They crouched, for the new man was walking on the grass, on their side of the road. His behavior was peculiar. He did not go through the gate, although he went up to it, and they heard a faint squeak as he tried the handle.

“Can you see him?” whispered Ferdie.

Jimmy nodded.

“Perhaps he's forgotten the key,” whispered Ferdie again, but Jimmy pressed his arm to enjoin silence.

They heard the swish of something being thrown. What was happening they could not see. Only occasionally did Jimmy detect the bulk of the black figure against a background almost as dark. Then he focused his night glasses. The figure seemed taller than it did before, and a second later was even taller; the newcomer was climbing the wall! They heard the squeak of the iron chevaux-de-frise as it turned in its socket, and saw the mystery man's head disappear into the greater darkness of the background above the wall. There was no sky line for them. Behind were the chestnut trees, and what was happening they could only conjecture.

They waited a few minutes, and then they heard a soft thud.

“He has got to the other side,” whispered Ferdie excitedly and, standing up, they stepped gingerly across the road toward the wall. A rope was hanging from the iron spikes at the top.

“That's queer,” said Jimmy. “Perhaps he did forget his key, but if he'd forgotten his key, he wouldn't have remembered the rope.”

Jimmy was in a dilemma. If the man who went over was one of the four, he might follow, taking the risks he had anticipated. If, on the other hand, the man was an interloper, some stray burglar who, for reasons best known to himself, was paying the lodge a visit, the chance of detection was doubled.

“We'll wait for an hour,” he said. “If nothing happens then, we'll go over.”

At the end of half an hour Ferdie clutched his arm.

“Did you hear that?” he demanded under his breath.

It was a crash of glass they had heard, then:

“Joe! If it's you, come and fight, you old devil!”

The words were not spoken in anything higher than a conversational tone and came, apparently, from the other side of the wall and near at hand.

“Elmers,” gasped Jimmy. “Listen, he is coming this way.”

They heard feet in the garden, and then a shot broke through the silence of the night. There was no other sound.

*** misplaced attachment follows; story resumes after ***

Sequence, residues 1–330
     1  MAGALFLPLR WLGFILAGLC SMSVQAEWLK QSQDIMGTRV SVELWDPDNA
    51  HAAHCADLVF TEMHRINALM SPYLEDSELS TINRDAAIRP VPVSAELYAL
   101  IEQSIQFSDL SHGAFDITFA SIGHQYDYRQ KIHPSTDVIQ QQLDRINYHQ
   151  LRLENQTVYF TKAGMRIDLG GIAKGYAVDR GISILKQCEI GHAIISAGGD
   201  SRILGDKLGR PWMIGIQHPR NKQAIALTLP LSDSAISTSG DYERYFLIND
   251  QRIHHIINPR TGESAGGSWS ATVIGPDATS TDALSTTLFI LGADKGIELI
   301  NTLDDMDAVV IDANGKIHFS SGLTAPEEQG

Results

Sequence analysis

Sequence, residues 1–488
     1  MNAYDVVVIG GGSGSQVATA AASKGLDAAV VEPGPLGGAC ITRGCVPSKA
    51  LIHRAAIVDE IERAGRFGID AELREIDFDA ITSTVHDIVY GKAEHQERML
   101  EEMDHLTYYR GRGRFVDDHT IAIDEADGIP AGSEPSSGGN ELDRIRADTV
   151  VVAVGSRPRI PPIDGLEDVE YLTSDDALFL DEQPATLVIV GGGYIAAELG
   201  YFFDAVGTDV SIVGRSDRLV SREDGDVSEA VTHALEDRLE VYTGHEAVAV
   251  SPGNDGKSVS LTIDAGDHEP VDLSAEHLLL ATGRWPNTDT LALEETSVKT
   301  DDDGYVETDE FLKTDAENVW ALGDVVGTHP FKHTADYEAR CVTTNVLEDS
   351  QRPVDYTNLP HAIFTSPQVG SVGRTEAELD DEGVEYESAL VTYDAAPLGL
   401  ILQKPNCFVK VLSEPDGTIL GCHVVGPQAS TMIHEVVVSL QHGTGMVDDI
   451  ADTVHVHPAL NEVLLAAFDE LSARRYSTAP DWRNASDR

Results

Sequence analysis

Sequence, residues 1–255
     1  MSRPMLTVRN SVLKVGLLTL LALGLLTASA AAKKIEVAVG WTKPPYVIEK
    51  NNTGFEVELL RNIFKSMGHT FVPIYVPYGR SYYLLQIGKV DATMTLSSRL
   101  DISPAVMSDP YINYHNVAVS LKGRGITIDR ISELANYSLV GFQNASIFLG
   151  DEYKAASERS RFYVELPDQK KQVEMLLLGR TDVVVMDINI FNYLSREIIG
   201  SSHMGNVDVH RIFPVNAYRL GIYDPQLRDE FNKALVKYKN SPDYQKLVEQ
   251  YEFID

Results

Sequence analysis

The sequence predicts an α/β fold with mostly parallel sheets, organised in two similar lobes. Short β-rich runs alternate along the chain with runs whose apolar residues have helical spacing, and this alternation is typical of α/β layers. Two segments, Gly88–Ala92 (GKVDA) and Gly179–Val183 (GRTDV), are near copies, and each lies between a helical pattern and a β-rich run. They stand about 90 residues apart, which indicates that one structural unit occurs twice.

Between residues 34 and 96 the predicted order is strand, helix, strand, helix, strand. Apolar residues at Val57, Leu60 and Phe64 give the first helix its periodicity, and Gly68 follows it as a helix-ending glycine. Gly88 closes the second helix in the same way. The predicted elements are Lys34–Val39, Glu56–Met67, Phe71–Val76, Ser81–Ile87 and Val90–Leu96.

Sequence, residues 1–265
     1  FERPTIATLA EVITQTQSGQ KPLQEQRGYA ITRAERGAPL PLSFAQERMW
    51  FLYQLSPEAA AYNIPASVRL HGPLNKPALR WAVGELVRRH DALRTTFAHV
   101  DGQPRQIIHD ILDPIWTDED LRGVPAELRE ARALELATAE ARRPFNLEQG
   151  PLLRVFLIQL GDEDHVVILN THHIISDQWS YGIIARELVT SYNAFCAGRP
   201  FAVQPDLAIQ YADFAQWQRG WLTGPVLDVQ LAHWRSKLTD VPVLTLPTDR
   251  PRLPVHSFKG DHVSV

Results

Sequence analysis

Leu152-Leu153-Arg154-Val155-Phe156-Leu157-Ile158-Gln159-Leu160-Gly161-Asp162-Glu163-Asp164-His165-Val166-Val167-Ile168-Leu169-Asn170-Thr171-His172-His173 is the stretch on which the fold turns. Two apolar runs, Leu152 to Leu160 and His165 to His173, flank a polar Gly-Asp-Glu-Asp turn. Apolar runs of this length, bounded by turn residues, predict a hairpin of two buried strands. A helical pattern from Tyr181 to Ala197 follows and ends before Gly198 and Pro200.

“What do you think is happening?” whispered Ferdie.

“Maybe they're reading the proclamation to him,” said Jimmy grimly. They waited another half an hour, and then: “I'm going over,” he said.

The collapsible ladder was a simple affair, and in half a minute they had laid the top rung against the spikes and Jimmy had mounted. He could see nothing. There was no light visible, nor, peering down, could he discover a secure place to drop. He negotiated the spikes and discovered they were not as formidable as they appeared from the roadway. They served their purpose, too, for he hooked the end of the rope he carried to one of the rusty iron supports, and let himself slide down on the other side of the wall.

He came to earth on a heap of garden refuse, the same that probably had broken the fall of Tom Elmers, if Tom Elmers it was. The garden was choked with laurel bushes, but his electric lamp showed him a weed-grown path and this he followed.

Though the house was not more than fifty feet from the road, it was a considerable time before he sighted it. It was in darkness, and there was no sign of life. He walked round to the back, and here he was rewarded. A light was showing from a small window, but it was not this which brought him to a standstill holding his breath.

At the back of the house there was a space clear of trees. Here, on what appeared to be a lawn, three or four men were working. It was when he discovered the nature of their labor, that his heart came into his mouth. They were digging a hole. Presently the man who was in the hole stopped and climbed wearily forth, and then the three lifted something that was on the ground, and placed it in the earth. It was the body of a man. Jimmy had no doubts as to whose body it was. He moved closer, lying flat on the grass, and worming his way forward. Somebody was talking in a deep, emotional voice, and the curious intonation puzzled him, until he realized that the speaker was reading the burial service!